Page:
And as traders sit at their desks on Friday, U. S. index futures point to a lower open as European stocks fall, struggling to follow Asian equities higher as the euro strengthened at the end of a tumultuous week. Chinese stocks dropped while Indian shares and the rupee gain on Moody’s upgrade. The MSCI world equity index was up 0.1% on the day, but was heading for a 0.1% fall on the week. The dollar declined against most major peers, while Treasury yields dropped and oil rose.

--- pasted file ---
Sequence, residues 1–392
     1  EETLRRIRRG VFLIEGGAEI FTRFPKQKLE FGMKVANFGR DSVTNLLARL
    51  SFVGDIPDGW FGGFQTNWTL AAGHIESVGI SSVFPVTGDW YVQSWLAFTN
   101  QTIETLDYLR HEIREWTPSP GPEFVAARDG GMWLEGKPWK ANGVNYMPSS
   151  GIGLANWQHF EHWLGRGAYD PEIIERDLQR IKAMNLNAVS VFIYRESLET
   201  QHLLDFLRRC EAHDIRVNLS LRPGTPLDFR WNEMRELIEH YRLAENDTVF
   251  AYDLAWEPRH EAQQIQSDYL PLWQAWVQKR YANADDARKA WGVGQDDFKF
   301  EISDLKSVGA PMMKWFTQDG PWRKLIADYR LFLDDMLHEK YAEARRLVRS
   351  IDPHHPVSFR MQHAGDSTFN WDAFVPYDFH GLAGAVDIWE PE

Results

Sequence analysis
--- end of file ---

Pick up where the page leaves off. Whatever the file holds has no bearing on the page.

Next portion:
Europe’s Stoxx 600 Index fluctuated before turning lower as much as 0.3% in brisk volumes, dropping towards the 200-DMA, although about 1% above Wednesday’s intraday low; weakness was observed in retail, mining, utilities sectors. In the past two weeks, the basic resources sector index is down 6%, oil & gas down 5.8%, autos down 4.9%, retail down 3.4%; while real estate is the only sector in green, up 0.1%. The Stoxx 600 is on track to record a weekly loss of 1.3%, adding to last week’s sell-off amid sharp rebound in euro, global equity pullback. The Euro climbed for the first time in three days after ECB President Mario Draghi said he was optimistic for wage growth in the region, although stressed the need for patience, speaking in Frankfurt. European bonds were mixed. The pound pared some of its earlier gains after comments from Brexit Secretary David Davis signaling a continued stand-off in negotiations with the European Union.